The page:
Here is a necessarily oversimplified stab (using material provided by specialist writers) at rendering in layman’s terms the potential impact of a discovery whose intricacies escape most of us – including, by definition, journalists. That discovery is the ‘Higgs Boson particle’, by a group of international experts in Switzerland.
Particle physicists and other scientists using the language of refined mathematics have laboured for many years to identify all the pieces for a theory of almost everything, referred to as ‘the Standard Model’.
Their arsenal of tools at CERN, the international research facility in Geneva, includes a pipe that runs in a 27-kilometre-long circle deep underground, the world’s biggest and most powerful particle accelerator, the Large Hadron Collider.
Defying mountains of data on his desk, theorist John Ellis ventured to illustrate what the newly-discovered ‘Higgs Boson particle’ is.
Ellis said: “It’s the last piece in the ‘Standard Model.’ The Standard Model describes all the matter that we can see in the universe, you, me, the planet, the stars, galaxies, all that matter is described by the Standard Model. That description only makes sense if a Higgs Boson exists.”
Two beams of protons were fired in opposite directions around the accelerator, smashing into each other to create many millions of particle collisions every second.
This simulated theorists’ construction of the conditions a fraction of a second after the Big Bang, when the Higgs field is believed to have ‘switched on’.
Scientists consider that particles gained mass and then formed the universe through their interaction with an invisible energy field that pervades the whole cosmos.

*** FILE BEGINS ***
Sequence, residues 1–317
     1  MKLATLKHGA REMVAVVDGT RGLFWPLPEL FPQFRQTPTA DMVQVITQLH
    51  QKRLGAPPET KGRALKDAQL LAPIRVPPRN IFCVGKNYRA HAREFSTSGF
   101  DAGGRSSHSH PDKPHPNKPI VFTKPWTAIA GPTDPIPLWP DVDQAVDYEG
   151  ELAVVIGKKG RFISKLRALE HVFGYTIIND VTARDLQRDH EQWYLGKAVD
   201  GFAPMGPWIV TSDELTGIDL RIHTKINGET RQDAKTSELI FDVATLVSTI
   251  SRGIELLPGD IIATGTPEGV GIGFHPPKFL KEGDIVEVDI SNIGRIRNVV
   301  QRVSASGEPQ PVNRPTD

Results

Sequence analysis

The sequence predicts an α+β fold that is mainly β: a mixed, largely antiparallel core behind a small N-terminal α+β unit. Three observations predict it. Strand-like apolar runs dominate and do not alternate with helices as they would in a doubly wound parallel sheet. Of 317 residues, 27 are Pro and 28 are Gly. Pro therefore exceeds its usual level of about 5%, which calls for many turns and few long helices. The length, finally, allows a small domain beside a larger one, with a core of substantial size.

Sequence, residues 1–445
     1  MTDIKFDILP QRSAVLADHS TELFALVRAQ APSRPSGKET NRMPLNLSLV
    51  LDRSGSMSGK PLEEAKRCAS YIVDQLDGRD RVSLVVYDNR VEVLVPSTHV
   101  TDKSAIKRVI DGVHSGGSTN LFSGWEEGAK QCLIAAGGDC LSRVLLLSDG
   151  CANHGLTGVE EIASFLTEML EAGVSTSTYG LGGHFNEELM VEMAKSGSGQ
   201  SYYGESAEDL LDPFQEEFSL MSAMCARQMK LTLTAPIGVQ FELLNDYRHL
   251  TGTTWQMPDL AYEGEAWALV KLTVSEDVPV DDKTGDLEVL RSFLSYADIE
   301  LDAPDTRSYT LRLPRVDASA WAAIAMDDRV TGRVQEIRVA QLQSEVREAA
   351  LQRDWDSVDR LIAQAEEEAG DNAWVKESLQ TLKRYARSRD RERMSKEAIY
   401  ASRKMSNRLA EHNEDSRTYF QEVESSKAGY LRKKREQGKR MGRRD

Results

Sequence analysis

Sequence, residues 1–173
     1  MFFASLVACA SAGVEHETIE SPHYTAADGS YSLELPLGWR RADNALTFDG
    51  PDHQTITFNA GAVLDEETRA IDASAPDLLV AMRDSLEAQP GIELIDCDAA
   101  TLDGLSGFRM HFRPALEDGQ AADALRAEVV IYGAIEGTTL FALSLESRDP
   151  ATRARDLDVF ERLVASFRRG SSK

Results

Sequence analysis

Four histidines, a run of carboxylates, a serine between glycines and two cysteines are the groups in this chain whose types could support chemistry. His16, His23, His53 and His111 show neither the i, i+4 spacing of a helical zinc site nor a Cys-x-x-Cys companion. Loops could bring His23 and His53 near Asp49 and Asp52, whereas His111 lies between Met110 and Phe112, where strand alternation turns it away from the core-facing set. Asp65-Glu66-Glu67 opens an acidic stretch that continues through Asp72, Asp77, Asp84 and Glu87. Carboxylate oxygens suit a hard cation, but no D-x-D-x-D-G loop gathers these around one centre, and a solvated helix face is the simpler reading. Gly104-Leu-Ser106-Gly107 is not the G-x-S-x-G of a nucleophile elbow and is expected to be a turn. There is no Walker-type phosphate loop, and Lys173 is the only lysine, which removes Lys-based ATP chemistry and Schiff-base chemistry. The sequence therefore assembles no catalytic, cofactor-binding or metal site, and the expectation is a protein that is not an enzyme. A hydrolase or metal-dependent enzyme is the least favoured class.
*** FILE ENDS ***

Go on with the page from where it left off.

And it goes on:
But not all particles gained mass.
If you pictured, say, George Clooney as a single special particle out of all the people particles in the world, and a group of photographers around him as the Higgs field, slowing him down, just one of their eyelashes would represent the interactive Higgs particle.
That subatomic particle is thought to be the key to the formation of all matter, and eventually life.
But in our big universe, the scientific Standard Model has gaps in it, explaining only some of what is there.
The invisible stuff which is not understood is called ‘dark matter’.
Galaxies are also observed to be moving apart at rates faster than known forces suggest they should.
That acceleration is attributed to ‘dark energy’.
Dark matter and energy are believed to make up 96 percent of the mass and energy of the cosmos.
The Standard Model, if it is confirmed by the Higgs Particle discovery, is a step towards accounting for all of it.